Instead, Superman oversees the construction of a massive prison compound in the now-radioactive Kansas wastes, and fills it almost overnight with young, misguided metahumans (without a trial, of course). The stated purpose of the facility is to re-educate and reform the prisoners, but overcrowding soon causes containment to become priority. Prisoners are basically left to fight amongst themselves, and the chaos eventually spills outside of the prison into a massive, potentially world-destroying conflict. Most of the superheroes are killed when the United Nations reluctantly concludes that a nuclear strike on the heroes would be preferable to their battle continuing and potentially dooming the world, but at that point, even Superman realizes that they didn’t have many other choices.
None of that takes away from Kingdom Come's place as one of the finest comics ever put to print, of course.
9 Superman punches Darkseid through multiple inhabited skyscrapers
The Bruce Timm-helmed Justice League Unlimited cartoon is universally acclaimed, and rightly so: it expertly blends compelling writing, gorgeous animation, and a version of the DC universe flexible enough to tell modern, mature stories while still preserving the pure, heroic essence of the characters.
This made Superman’s battle with a resurrected Darkseid in the series finale all the more confusing and out of place. After watching Batman struggle to hold his own against the nigh-indestructible demigod, Superman is understandably enraged, and gives an impassioned speech about how what Darkseid sees as weakness is actually restraint, ending with a promise that the kiddie gloves are off. It’s a fantastic moment, but it’s quickly muddled when Superman uses his power to punch Darkseid through several skyscrapers. While the death toll isn’t as explicit as it was in Man of Steel, the lack of any footage of civilians evacuating buildings or of heroes helping wounded survivors makes Superman’s demonstration of power a bit more cruel than heroic.
8 Superman watches a man die by chemical weapons, does nothing to save him
Many know the story of the comic book “Dark Age” of the 1980s and 1990s: an influx of older readers and increased media attention on dark graphic novels like Watchmen and Batman: The Dark Knight Returns led companies like Marvel and DC to put their heroes in darker, grimmer situations. But people sometimes forget that the original, pre-comics code heroes were surprisingly ruthless themselves.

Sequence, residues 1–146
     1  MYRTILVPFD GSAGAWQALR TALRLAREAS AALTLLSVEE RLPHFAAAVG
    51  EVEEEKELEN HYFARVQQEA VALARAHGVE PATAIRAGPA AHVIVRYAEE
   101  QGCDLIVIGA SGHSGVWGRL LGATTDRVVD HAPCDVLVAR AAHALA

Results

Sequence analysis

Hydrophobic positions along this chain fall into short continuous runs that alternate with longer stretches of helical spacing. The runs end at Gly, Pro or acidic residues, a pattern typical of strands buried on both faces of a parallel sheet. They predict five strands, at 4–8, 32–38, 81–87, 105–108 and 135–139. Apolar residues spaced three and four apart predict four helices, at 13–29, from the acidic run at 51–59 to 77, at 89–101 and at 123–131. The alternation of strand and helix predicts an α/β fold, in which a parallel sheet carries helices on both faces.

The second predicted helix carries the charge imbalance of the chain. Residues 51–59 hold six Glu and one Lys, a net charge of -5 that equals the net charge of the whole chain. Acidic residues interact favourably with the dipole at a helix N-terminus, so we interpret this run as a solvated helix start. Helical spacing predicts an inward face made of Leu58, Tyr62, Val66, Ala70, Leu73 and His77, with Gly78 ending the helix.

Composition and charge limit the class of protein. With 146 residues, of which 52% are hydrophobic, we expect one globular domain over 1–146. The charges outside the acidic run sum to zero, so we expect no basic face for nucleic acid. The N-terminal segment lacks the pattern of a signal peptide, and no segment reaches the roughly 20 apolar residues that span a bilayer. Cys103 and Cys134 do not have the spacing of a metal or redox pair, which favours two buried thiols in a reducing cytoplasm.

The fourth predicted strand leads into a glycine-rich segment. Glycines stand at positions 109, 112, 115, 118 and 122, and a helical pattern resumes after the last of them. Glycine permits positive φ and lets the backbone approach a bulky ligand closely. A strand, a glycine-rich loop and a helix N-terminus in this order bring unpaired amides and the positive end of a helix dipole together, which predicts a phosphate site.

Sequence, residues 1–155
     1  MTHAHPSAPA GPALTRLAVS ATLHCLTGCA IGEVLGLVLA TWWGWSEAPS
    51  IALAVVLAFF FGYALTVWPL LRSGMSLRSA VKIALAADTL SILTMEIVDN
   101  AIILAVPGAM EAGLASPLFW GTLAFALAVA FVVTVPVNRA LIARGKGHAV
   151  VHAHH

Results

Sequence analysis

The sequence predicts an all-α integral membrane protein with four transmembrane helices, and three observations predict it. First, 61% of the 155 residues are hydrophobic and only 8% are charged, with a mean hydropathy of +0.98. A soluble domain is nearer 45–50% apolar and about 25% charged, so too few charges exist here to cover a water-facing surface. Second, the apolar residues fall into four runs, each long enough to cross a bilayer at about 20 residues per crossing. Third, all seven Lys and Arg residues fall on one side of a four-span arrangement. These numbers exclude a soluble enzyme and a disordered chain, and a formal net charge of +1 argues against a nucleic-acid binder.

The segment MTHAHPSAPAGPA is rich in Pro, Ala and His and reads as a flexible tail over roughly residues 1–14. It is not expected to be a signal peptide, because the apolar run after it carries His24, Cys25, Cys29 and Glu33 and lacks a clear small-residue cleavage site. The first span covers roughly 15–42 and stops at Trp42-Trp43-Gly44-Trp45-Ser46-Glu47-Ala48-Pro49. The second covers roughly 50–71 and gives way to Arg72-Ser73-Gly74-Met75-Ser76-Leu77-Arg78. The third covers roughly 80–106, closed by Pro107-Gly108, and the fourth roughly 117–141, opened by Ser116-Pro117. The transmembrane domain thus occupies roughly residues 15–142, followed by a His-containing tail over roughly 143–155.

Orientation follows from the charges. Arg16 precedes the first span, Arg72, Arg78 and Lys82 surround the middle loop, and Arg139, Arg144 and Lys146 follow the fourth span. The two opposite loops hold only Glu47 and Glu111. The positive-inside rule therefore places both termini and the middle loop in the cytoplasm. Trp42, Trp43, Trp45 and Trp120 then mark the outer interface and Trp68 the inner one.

Case in point: in Superman #2, Superman has relentlessly pursued chemical weapons manufacturer Professor Runyan, at last cornering him in his laboratory. In a final act of desperation, the mad scientist decides to take his pursuer down with him, exposing them both to his painful gas-based weapon. Superman, unaffected by the gas, promptly...watches the scientist scream in agony as he dies an agonizing death. Granted, the man was a criminal, but considering how effortless it would have been for Superman to simply take the man to jail instead, the Man of Steel’s decision to do nothing is shocking in its callousness.
7 Superman sacrifices Lois Lane to save The Joker’s life
Superman has often been terrible to Lois Lane (more on that later), but despite what misleading comic book covers from the 1950s and 1960s would lead one to believe, he's rarely made decisions that actively endanger her life. That all changed in Action Comics #719, where the plucky journalist was infected with The Joker’s poison and immediately entered a coma. With doctors telling him that Lois is on the verge of death, Superman rushes to The Joker’s cell in Arkham Asylum, learning from the maniac that the only way to create an antidote is to mix the poison with his blood. Superman is faced with an impossible decision: does he let the woman he loves die, or does he kill one of the most prolific serial murderers in history?
...Or does he just take a blood sample from the Joker and mix it with the poison in a petri dish? As obvious as this third option seems, Superman completely ignores it, instead turning to Joker-sparing expert Batman for guidance. Shockingly, Batman tells Superman to let Lois die rather than kill the Joker, and just as the Man of Steel seems ready to let her perish, she wakes up — the poison was actually non-lethal, designed to trick Superman into killing the Joker (or just drawing some blood from him).
6 Superman kills The Joker and becomes a fascist dictator